The Canadian Meat Council — which represents Canada’s federally-registered meat packers and processing plants — reported in September that there are more than 4,000 empty butcher stations at meat production facilities countrywide, working out to an average job vacancy rate of more than 10 per cent.

Canadian meat packers say the shortage is in part due to the rules governing how many temporary foreign workers meat processing employers can employ at any one time and are lobbying the federal government to increase the current cap of 10 to 20 per cent, depending on the facility, to 30 per cent.

The construction industry has also reported a record number of job vacancies, especially in masonry, painting and electrical work.

According to StatCan, vacancies in construction increased to 62,600 in the second quarter of 2021, the highest number since 2015. Carpenters, construction trade helpers and labourers also accounted for a large portion of the rise in job vacancies, the agency said.


Job vacancies in retail trade increased to 84,300 in the second quarter of 2021, according to StatCan, with the largest gains in food and beverage stores, building material supply dealers and garden equipment shops.

By occupation, the agency said retail salespersons, store shelf stockers, clerks and order filers were among the top 10 occupations with the largest increase in vacancies from the second quarter of 2019 to the second quarter of 2021.

With ‘help wanted’ signs in many storefronts across the country, Charles Kay, owner of Montreal furniture store Prunelle, says the responsibility falls to the employer.

“Some employers are getting a little bit burnt out because there just isn’t… enough hand to get the job done,” he told CTV News.


Trucking HR Canada, a national, non-profit organization working to address workforce issues in the trucking and logistics sector, reports that there was an average of 18,000 truck driver vacancies in the second quarter of 2021.

According to its latest report, the trucking industry had a vacancy rate of five per cent at the end of 2020. In comparison, the vacancy rate across all occupations in Canada was 2.7 per cent.

The organization says the impacts of COVID-19, lack of foreign workers and poor working conditions have contributed to the increase in job vacancies. As well, Trucking HR Canada says these factors have contributed to and increase in older truckers retiring with not enough new drivers to replace them.

Trucking HR Canada noted that the trucker shortage will continue to put “pressure and stress on Canada’s economic recovery” if not quickly addressed.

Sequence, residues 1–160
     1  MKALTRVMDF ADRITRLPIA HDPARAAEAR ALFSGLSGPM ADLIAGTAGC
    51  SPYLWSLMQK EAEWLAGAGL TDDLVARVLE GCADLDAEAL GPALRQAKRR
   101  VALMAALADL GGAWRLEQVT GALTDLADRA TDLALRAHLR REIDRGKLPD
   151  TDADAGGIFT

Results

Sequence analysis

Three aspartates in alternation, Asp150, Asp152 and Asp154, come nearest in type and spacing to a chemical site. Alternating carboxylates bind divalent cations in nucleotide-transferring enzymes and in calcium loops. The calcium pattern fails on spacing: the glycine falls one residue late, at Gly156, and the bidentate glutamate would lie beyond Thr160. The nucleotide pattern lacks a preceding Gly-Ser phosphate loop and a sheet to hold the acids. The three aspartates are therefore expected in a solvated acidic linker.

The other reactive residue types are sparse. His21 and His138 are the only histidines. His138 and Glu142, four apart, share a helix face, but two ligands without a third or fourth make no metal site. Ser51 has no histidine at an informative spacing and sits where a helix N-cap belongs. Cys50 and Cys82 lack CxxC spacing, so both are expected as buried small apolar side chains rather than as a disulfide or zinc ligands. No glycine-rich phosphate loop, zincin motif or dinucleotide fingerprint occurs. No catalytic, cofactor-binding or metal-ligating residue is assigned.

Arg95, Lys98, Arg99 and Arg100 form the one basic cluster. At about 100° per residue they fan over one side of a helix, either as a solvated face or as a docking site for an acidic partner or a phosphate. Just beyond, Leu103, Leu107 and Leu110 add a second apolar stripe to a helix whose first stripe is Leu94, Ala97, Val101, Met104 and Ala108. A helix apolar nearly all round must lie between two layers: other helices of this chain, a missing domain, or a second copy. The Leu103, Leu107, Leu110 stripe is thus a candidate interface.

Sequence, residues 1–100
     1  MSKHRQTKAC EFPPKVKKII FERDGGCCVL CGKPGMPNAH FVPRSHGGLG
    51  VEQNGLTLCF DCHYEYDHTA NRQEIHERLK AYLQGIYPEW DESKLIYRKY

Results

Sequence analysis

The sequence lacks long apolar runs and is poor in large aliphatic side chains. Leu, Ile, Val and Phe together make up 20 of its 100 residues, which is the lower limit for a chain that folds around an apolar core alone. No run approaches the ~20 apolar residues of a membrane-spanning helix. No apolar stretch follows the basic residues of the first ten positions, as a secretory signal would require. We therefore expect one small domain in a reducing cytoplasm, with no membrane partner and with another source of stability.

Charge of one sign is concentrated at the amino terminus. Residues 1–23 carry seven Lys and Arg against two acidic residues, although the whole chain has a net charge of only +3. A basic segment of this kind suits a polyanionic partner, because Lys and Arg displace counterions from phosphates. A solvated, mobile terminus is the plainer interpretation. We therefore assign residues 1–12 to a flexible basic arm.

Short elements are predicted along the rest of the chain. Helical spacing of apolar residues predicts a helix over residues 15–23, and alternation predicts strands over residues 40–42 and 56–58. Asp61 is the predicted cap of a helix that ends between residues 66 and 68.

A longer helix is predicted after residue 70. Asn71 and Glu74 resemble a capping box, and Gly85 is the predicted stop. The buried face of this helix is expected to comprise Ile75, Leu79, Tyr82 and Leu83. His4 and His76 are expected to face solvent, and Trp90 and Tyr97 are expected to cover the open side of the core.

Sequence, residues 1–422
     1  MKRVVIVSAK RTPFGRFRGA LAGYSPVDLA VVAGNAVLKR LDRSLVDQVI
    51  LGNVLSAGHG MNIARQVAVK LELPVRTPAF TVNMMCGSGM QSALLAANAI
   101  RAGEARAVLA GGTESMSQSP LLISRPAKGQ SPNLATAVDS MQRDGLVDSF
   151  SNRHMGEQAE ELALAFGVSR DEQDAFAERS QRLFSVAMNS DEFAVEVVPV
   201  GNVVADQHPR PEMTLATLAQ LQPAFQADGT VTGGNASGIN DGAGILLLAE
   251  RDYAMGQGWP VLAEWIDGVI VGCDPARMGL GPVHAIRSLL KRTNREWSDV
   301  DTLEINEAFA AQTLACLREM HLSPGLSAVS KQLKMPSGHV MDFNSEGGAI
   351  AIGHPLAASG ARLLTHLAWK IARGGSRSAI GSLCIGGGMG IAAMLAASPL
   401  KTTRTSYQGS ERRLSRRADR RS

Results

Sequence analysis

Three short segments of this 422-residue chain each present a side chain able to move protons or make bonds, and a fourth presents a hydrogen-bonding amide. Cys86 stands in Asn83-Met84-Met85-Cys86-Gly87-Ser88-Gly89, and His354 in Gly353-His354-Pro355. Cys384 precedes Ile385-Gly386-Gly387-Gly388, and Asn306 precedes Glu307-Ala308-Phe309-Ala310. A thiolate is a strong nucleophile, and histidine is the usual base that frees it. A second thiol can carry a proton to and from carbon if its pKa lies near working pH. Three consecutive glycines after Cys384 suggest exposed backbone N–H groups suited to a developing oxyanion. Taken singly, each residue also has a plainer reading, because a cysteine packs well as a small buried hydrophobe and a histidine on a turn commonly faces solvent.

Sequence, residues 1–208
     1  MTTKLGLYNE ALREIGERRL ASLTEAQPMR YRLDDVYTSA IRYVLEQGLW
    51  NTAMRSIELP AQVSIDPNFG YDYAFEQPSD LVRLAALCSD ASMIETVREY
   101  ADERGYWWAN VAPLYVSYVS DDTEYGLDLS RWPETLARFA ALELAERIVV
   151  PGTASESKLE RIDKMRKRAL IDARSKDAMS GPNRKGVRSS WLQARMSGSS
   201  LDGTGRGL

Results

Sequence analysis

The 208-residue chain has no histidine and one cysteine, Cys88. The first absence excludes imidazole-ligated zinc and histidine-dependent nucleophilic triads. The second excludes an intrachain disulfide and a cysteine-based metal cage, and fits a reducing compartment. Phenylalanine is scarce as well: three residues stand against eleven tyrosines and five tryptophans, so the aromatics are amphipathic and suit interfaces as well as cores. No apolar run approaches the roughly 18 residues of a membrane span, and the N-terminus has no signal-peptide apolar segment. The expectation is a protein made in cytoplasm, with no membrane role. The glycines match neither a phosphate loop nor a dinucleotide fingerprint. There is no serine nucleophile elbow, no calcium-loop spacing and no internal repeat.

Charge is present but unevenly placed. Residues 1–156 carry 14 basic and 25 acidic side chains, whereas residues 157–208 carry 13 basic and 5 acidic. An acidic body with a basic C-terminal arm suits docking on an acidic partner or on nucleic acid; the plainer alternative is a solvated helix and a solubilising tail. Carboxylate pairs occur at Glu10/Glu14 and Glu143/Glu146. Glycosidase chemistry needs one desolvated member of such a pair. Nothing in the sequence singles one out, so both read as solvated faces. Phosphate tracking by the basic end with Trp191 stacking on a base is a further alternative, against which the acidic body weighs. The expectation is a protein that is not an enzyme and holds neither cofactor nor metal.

“Trucking and logistics supports key economic sectors from retail/wholesale trade to construction, agriculture, forestry and mining, and more,” the organization wrote in its report. “One fact remains: the longer it takes to better address driver shortages – the longer it will take for full economic recovery.”

With files from The Canadian Press and CTV National News’ Vanessa Lee

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U.N. plane aborts landing as air strike hits Ethiopia’s Tigray



An Ethiopian government air strike on the capital of the northern Tigray region on Friday forced a U.N. aid flight to abort a landing there, the United Nations said.

In neighboring Amhara region, people were fleeing intensified fighting.

Humanitarian sources and the Tigray People’s Liberation Front (TPLF), which controls the area, said a university in the regional capital Mekelle was hit by the air strike.

Government spokesman Legesse Tulu said a former military base occupied by TPLF fighters was targeted, and he denied the university was hit.

Reuters was not able to independently confirm either account. TPLF-controlled Tigrai TV reported that 11 civilians were wounded in the air strike. It was at least the fourth day this week that Mekelle had been attacked.

The United Nations suspended all flights to Mekelle after a U.N. plane with 11 passengers had to abort landing on Friday.

The flight from Addis Ababa had been cleared by federal authorities but was told by the Mekelle airport control tower to abort the landing, U.N. spokesman Stephane Dujarric said

“This is the first time that we had a flight turn around, at least to my knowledge, in the recent past in Ethiopia because of air strikes on the ground,” senior U.N. aid official Gemma Connell, who heads U.N. humanitarian operations in southern and eastern Africa, told reporters in New York on Friday.

The passengers were aid workers traveling to a region where some 7 million people, including 5 million in Tigray, need humanitarian help, she said.

The flight safely returned to the Ethiopian capital Addis Ababa, Dujarric said.


The two sides have been fighting for almost a year in a conflict that has killed thousands of people and displaced more than two million amid a power struggle between the TPLF and the central government of Prime Minister Abiy Ahmed in Addis Ababa.

The TPLF dominated the Horn of Africa country’s ruling party for decades before Abiy, who is not a Tigrayan, took office in 2018.

The government has stepped up air strikes on the Tigray capital as fighting has escalated in Amhara, a neighbouring region where the TPLF has seized territory that the government and allied armed Amhara armed groups are trying to recover.

Residents in Dessie, a city in Amhara, told Reuters people were fleeing, a day after a TPLF spokesperson said its forces were within artillery range of the town.

“The whole city is panicking,” a resident said, adding that people who could were leaving. He said he could hear the sound of heavy gunfire on Thursday night and into the morning, and that the bus fare to Addis Ababa, about 385 km (240 miles) to the south, had increased more than six-fold.

There are now more than 500,000 displaced people in the Amhara region, the National Disaster Risk Management Commission told Reuters.

Seid Assefa, a local official working at a coordination centre for displaced people in Dessie, said 250 people had fled there this week from fighting in the Girana area to the north.